Raising Children of Color Amid Conversations About Police Involved Shootings, Implicit Bias & Self-Efficacy

By Dr. Jalin B. Johnson

National Center for Institutional Diversity – Spark series

As a mother raising a Black man in the United States, I frequently have discussions with our son about safety during police interactions, situational awareness, perceived behaviors, and implicit bias. While these conversations are meant to keep him aware of the reality he will face in life as a person of color, I strive to also encourage his self-efficacy, (confidence in the ability to have control over our own behaviors and social environment (Bandura, 1977), as he matures.

Like other parents to children of color, I know the emotional tax and ongoing concern from having conversations with our children that are intended to prepare them for a world that will judge them prematurely, and diminish the confidence they need to succeed as adults.

Critical Race Parenting says “parenting happens amidst contemporary societal contexts rife with unpunished police violence against Black and Brown youth, all occurring amidst contentions that we now live in a post-racial U.S. society” (Bonilla-Silva, 2006; Carter-Andrews & Truitt, 2013). The conversations we have with our son, about police involved shootings, implicit bias & self-efficacy, mirror what Critical Race Parenting outlines. Our discussions provide an example of how communities of color have long recognized the need for instilling in our children a critical understanding of institutional racism, as well as the strategies and identities essential to collective and individual health, safety, and endurance” (DePouw & Matias, 2016).

When we talk with our son, we touch on the statistics of police-involved shootings. To date, the Washington Post has documented over 780 people shot and killed by police this year, with a majority (530), identified as Black, Hispanic, and otherwise non-white. The New York Civil Liberties Union (NYCLU) reported that “between 2014 and 2017, young Black and Latino males between 14 and 24 years-old account for only five percent of the city’s population, compared with 38 percent of reported stops. Young Black and Latino men were innocent 80 percent of the time.”

To add, the NYCLU found that the New York Police Department used force on over 21,000 Black and Latino people and over 2,200 white people. Subsequently, even among those stopped, Black and Latino people were more likely to have force used against them than white people (NYCLU, 2014). The American Civil Liberties Union Illinois 2015 Stop and Frisk report states: “[The stop and frisk] procedure is often invasive, humiliating and disturbing.” The deaths of Black and Latino men and women at the hands of police officers demonstrate that this and similar encounters with law enforcement, have proven to be more than “invasive, humiliating and disturbing,” they are too often, fatal.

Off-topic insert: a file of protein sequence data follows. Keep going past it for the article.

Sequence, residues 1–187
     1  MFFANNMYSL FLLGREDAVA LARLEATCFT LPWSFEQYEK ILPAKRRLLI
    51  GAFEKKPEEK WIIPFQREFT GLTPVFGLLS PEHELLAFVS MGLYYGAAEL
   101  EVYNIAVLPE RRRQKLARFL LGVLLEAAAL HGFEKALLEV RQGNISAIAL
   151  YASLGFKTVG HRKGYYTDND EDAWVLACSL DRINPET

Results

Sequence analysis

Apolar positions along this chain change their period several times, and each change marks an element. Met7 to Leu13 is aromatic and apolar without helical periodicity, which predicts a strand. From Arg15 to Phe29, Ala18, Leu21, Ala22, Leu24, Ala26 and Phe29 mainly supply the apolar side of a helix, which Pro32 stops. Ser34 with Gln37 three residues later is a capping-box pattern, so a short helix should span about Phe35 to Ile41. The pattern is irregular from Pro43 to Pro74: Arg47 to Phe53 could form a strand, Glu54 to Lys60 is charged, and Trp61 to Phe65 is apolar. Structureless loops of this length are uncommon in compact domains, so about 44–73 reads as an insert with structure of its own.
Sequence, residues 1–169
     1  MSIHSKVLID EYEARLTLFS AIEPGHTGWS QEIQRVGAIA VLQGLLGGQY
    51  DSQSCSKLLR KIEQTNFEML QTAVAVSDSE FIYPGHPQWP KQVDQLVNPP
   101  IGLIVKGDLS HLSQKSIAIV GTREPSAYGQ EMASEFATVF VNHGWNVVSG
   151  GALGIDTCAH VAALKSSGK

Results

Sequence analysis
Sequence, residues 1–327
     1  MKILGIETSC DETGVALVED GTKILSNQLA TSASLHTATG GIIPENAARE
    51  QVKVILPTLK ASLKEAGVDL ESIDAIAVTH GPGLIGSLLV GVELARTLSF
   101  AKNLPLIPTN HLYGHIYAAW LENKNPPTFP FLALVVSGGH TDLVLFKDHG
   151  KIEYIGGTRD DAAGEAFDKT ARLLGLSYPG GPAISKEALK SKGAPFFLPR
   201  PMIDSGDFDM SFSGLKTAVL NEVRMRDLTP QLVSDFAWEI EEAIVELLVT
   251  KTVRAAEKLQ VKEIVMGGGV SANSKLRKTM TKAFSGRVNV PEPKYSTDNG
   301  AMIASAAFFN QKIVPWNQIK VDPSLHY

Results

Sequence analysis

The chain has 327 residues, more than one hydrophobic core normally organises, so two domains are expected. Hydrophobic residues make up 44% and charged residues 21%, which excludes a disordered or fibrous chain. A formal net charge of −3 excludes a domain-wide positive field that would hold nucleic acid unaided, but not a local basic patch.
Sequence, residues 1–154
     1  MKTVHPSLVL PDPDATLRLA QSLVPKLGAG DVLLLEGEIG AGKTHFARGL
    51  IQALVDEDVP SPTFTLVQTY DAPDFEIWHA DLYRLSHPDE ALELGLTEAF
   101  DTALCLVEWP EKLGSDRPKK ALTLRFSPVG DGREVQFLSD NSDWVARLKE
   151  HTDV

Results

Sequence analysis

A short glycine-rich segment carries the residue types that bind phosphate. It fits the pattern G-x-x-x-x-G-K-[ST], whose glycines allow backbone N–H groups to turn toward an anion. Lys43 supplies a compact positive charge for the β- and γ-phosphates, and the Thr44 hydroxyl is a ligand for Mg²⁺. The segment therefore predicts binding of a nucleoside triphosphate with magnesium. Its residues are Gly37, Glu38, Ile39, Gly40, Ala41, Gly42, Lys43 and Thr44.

Being aware of the statistics that document these realties also requires parents to pay attention to media reporting that covers police involved shootings. When Philando Castile and Walter Scott were killed by police during traffic stops, our discussion with our son about how to behave as a driver or passenger of a car in these situations intensified. Similarly, when Atatiana Jefferson and Botham Jean were murdered in their own homes by police officers in Texas, we revisited discussions about implicit bias, which describes how unconscious actions and decisions are influenced by stereotypes and attitudes.

Child wearing graduation robes

Photo by Jason Sackey on Pixabay

I learned not long ago that our son is beginning to better understand this reality. He shared an experience he had at the home of family friends. During a conversation with the friend’s father, a law enforcement officer, like most of the other guests in attendance, he told our son he considered him to be a positive influence on his own son and their friends.

During this interaction, our son was mindful of fatal encounters between Black men and women and police officers in this country and our many conversations about being respectful towards his elders, while maintaining his behavior, in a way he thought was ‘right.’

Although emotionally taxing, as parents raising children of color, it is critical that we continue to have conversations with our children that prepare them for a world that will judge them prematurely. We must have these imperative discussions while still encouraging their confidence as they mature to become the people they wish to be.

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